They’ve gone toe-to-toe with the big boys on the field. Now Eastern Washington is winning some battles in the living room.
Among the Eagles’ 21 prep signees are some players that Beau Baldwin admitted would have been a stretch to sign in the past – before Eastern put together a stretch of winning seasons.
“There’s some uniqueness with this class for us,” Baldwin said Wednesday afternoon before unveiling this year’s class at a booster luncheon at Northern Quest Resort & Casino.
“We’re starting to get into some battles with universities that we haven’t been before, where it had been a slim-to-none chance,” Baldwin said.
Consider Dehonta Hayes, a physical defensive back out of Lincoln High in Tacoma, whose speed and size (5-foot-11, 195 pounds) attracted the attention of Utah State and Nevada, among other Football Bowl Subdivision schools.
Then there’s Tristen Taylor, a 6-7, 310-pound offensive lineman from Stockton, California, who also was sought by UNLV.
Closer to home, Mt. Spokane linebacker/safety Roy Hyatt (6-2, 200) was being courted by Wyoming before committing to the Eagles.
The highest-rated player in the class, three-star defensive end Keenan Williams (6-3, 260) from Cheney drew attention all the way to the Pac-12 level.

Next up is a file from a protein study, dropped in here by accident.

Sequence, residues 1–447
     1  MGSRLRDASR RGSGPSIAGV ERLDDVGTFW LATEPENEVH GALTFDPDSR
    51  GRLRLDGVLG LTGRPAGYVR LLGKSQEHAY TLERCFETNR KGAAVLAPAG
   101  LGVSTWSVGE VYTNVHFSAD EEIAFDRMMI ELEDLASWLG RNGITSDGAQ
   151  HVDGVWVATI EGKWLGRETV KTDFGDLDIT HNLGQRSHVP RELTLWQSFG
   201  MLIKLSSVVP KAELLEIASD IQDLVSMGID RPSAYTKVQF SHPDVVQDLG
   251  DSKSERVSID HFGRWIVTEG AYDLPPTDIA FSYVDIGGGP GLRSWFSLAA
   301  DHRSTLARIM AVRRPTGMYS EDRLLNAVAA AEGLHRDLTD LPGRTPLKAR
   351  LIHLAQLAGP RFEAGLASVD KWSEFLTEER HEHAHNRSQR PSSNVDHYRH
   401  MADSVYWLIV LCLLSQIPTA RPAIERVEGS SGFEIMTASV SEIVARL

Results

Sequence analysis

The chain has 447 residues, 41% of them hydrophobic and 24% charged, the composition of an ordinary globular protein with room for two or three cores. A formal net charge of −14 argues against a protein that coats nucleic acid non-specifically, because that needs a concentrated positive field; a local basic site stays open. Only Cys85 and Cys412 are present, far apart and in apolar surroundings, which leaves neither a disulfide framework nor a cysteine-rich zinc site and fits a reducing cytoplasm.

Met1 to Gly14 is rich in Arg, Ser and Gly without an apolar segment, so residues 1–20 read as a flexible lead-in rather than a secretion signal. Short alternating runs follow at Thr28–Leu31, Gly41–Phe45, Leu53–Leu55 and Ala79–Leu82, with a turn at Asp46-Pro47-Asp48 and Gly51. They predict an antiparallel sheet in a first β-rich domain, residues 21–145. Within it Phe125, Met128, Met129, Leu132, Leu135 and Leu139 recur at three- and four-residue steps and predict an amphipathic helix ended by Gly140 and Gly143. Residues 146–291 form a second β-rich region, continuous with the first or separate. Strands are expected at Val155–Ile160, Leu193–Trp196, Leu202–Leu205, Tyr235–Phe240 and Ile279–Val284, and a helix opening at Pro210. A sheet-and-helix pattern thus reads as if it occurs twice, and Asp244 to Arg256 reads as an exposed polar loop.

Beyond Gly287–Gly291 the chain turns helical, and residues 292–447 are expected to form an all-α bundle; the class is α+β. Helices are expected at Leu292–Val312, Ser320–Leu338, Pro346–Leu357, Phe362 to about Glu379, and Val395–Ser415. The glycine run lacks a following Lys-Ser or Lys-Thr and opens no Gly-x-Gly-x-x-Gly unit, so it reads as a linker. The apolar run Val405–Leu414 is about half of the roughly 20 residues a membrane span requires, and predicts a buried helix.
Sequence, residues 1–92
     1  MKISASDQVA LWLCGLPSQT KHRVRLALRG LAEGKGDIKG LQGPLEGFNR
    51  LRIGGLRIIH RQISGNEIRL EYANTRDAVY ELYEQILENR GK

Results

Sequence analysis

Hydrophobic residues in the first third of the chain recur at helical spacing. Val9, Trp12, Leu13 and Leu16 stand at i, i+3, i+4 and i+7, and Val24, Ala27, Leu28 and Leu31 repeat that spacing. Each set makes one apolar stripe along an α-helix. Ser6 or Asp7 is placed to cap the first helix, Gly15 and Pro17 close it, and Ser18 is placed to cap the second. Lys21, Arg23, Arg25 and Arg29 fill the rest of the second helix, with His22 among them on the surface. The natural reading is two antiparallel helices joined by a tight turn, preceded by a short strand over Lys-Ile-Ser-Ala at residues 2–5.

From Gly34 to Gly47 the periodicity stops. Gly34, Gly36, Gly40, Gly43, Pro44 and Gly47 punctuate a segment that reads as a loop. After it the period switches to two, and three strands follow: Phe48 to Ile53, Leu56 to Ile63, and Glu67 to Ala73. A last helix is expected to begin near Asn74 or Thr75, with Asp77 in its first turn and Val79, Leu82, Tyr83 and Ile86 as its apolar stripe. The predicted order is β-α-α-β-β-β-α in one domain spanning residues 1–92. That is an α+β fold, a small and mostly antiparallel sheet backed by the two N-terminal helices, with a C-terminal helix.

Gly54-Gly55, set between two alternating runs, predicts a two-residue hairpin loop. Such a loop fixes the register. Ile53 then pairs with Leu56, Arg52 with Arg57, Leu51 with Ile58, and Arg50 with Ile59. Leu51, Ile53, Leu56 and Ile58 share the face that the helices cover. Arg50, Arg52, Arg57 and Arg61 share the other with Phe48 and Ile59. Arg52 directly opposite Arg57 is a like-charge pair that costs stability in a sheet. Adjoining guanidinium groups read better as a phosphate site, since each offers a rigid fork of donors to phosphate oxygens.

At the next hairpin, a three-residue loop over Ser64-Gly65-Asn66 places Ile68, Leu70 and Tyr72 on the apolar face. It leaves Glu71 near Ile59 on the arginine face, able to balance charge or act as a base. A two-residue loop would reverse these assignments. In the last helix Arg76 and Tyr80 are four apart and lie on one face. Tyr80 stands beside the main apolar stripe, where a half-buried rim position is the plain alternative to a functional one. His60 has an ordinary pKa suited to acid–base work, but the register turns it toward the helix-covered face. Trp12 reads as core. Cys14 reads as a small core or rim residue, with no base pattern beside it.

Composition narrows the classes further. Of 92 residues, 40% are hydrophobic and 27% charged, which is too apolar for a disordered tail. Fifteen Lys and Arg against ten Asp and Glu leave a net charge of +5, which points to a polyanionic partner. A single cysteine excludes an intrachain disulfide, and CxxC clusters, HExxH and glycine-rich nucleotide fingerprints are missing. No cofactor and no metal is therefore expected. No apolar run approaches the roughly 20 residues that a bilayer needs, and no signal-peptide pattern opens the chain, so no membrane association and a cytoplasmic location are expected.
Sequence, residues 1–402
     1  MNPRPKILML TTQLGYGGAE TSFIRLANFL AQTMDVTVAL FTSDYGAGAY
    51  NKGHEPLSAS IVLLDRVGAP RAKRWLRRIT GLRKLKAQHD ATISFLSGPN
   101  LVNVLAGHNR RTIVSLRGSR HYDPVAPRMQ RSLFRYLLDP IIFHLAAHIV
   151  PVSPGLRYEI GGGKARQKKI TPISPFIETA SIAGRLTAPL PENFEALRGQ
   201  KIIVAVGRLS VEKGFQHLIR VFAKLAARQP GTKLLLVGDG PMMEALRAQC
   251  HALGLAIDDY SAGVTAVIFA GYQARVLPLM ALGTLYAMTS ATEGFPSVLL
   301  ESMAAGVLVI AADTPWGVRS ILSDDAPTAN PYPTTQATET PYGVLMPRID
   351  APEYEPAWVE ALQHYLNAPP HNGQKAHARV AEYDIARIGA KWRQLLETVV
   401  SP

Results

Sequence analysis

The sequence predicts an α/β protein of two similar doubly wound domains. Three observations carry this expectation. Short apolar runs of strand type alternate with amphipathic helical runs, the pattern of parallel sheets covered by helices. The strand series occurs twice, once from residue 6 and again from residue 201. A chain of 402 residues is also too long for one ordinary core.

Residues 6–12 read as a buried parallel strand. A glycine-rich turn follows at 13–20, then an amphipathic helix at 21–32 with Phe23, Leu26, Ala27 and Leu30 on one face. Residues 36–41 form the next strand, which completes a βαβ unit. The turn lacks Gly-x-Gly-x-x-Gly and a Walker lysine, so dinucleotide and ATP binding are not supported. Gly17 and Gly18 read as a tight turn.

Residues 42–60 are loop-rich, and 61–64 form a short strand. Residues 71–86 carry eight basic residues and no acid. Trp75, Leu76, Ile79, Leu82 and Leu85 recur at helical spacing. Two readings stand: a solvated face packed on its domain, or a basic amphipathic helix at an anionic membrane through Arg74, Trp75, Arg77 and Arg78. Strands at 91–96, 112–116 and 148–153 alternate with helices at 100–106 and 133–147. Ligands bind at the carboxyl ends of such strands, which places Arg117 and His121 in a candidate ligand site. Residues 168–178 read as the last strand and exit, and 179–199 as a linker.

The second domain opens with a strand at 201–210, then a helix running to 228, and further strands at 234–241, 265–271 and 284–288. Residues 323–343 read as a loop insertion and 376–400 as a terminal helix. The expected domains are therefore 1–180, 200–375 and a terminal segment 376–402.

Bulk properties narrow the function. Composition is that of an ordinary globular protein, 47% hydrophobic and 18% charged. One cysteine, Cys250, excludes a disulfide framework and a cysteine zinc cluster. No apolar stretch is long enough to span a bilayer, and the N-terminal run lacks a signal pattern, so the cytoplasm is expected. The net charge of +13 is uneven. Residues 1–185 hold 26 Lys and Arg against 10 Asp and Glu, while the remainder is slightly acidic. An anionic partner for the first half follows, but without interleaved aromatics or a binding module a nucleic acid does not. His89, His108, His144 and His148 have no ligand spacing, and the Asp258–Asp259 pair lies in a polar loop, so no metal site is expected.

The bottom line: sustained success on the field, including a 34-9 overall record and 22-2 in the Big Sky Conference over the past three years. People have noticed, including recruits and their parents.
More important, Eastern filled a pressing need to build depth on the offensive line, where seven seniors will play key roles this year. The Eagles signed six prep offensive linemen, who together with last year’s redshirts, will gain experience before the transition in the summer of 2016.
The six signees average 285 pounds and 6-5 per player.
That shortage was partly because of injuries last year on the defensive line, where several O-linemen migrated. Only three defensive linemen make up this year’s class.
Likewise, the Eagles are solid at linebacker and signed just three, but one is Ketner Kupp, the younger brother of EWU All-American wide receiver Cooper Kupp.
“The bloodlines are there, but his family will be the first to admit that he and Cooper are different,” Baldwin said. “Ketner will come in with his own personality and be his own type of player.”
At running back, the Eagles signed two recruits, both of whom could challenge for playing time in a group that lost three players to graduation.
“That was huge,” said Baldwin, who returns only two veteran backs in redshirt juniors Jalen Moore and Jabari Wilson. “You always have to be able to play four or five of those guys every year.”
The defensive backs are growing into a small army, with five signees added to 14 returnees from last year.
“We want to create competition and depth, and more and more often you’re playing five DBs,” Baldwin said. “You’re seeing a lot more universities shifting that way, with more going to a nickel just as their base.
“Definitely for us that was the thought process as well.”
Geographically, the class was typical for Eastern: Thirteen players hail from Washington, with eight from the Puget Sound area. Four are from California and three are from Oregon.
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